Find us on Facebook!
  • "I’ve never bought illegal drugs, but I imagine a small-time drug deal to feel a bit like buying hummus underground in Brooklyn."
  • We try to show things that get less exposed to the public here. We don’t look to document things that are nice or that people would like. We don’t try to show this place as a beautiful place.”
  • A new Gallup poll shows that only 25% of Americans under 35 support the war in #Gaza. Does this statistic worry you?
  • “You will stomp us into the dirt,” is how her mother responded to Anya Ulinich’s new tragicomic graphic novel. Paul Berger has a more open view of ‘Lena Finkle’s Magic Barrel." What do you think?
  • PHOTOS: Hundreds of protesters marched through lower Manhattan yesterday demanding an end to American support for Israel’s operation in #Gaza.
  • Does #Hamas have to lose for there to be peace? Read the latest analysis by J.J. Goldberg.
  • This is what the rockets over Israel and Gaza look like from space:
  • "Israel should not let captives languish or corpses rot. It should do everything in its power to recover people and bodies. Jewish law places a premium on pidyon shvuyim, “the redemption of captives,” and proper burial. But not when the price will lead to more death and more kidnappings." Do you agree?
  • Slate.com's Allison Benedikt wrote that Taglit-Birthright Israel is partly to blame for the death of American IDF volunteer Max Steinberg. This is why she's wrong:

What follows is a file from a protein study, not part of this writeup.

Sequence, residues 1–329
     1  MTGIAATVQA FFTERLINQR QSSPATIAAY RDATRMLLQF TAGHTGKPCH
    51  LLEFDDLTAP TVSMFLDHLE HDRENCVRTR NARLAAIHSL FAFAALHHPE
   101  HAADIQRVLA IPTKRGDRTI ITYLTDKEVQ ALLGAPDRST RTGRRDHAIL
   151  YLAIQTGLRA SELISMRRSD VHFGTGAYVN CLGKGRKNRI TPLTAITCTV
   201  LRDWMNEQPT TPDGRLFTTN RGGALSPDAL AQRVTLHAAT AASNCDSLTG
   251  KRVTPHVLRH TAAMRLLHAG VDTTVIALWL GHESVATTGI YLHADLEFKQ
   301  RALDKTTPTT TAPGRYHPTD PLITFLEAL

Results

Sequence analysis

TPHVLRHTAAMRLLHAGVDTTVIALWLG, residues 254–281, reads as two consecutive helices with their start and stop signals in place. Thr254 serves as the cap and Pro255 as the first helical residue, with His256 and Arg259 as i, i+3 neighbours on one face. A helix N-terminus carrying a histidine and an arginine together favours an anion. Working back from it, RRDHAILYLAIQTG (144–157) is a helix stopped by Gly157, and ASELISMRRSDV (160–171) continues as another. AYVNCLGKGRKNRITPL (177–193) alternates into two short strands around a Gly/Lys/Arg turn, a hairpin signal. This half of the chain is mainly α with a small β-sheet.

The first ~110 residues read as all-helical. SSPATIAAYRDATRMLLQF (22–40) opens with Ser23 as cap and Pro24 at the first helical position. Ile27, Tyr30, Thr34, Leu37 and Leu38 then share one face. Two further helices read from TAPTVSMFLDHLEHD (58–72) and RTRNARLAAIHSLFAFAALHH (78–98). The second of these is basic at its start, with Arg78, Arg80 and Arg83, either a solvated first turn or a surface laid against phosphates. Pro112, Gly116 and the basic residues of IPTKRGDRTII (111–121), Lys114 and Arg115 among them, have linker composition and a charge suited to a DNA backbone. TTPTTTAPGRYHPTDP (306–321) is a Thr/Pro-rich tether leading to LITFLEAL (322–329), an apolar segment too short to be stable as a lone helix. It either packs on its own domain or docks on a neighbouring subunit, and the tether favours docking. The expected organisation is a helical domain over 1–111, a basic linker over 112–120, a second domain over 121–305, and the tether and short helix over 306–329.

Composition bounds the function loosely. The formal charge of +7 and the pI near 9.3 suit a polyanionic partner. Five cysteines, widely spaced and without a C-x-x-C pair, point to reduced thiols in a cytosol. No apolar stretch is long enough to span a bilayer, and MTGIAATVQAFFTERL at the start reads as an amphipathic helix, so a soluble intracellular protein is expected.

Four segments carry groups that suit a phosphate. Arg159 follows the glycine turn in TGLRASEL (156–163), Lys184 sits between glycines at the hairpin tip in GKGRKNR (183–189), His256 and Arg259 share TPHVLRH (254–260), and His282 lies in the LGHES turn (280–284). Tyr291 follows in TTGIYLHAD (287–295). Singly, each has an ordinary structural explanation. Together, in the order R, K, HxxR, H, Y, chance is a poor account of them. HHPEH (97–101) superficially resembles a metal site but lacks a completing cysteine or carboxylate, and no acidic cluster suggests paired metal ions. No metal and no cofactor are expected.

• Israeli soldiers want you to buy them socks. And snacks. And backpacks. And underwear. And pizza. So claim dozens of fundraising campaigns launched by American Jewish and Israeli charities since the start of the current wave of crisis and conflict in Israel and Gaza.
  • The sign reads: “Dogs are allowed in this establishment but Zionists are not under any circumstances.”
  • Is Twitter Israel's new worst enemy?
  • More than 50 former Israeli soldiers have refused to serve in the current ground operation in #Gaza.
  • "My wife and I are both half-Jewish. Both of us very much felt and feel American first and Jewish second. We are currently debating whether we should send our daughter to a Jewish pre-K and kindergarten program or to a public one. Pros? Give her a Jewish community and identity that she could build on throughout her life. Cons? Costs a lot of money; She will enter school with the idea that being Jewish makes her different somehow instead of something that you do after or in addition to regular school. Maybe a Shabbat sing-along would be enough?"
  • Undeterred by the conflict, 24 Jews participated in the first ever Jewish National Fund— JDate singles trip to Israel. Translation: Jews age 30 to 45 travelled to Israel to get it on in the sun, with a side of hummus.
  • from-cache

Would you like to receive updates about new stories?




















We will not share your e-mail address or other personal information.

Already subscribed? Manage your subscription.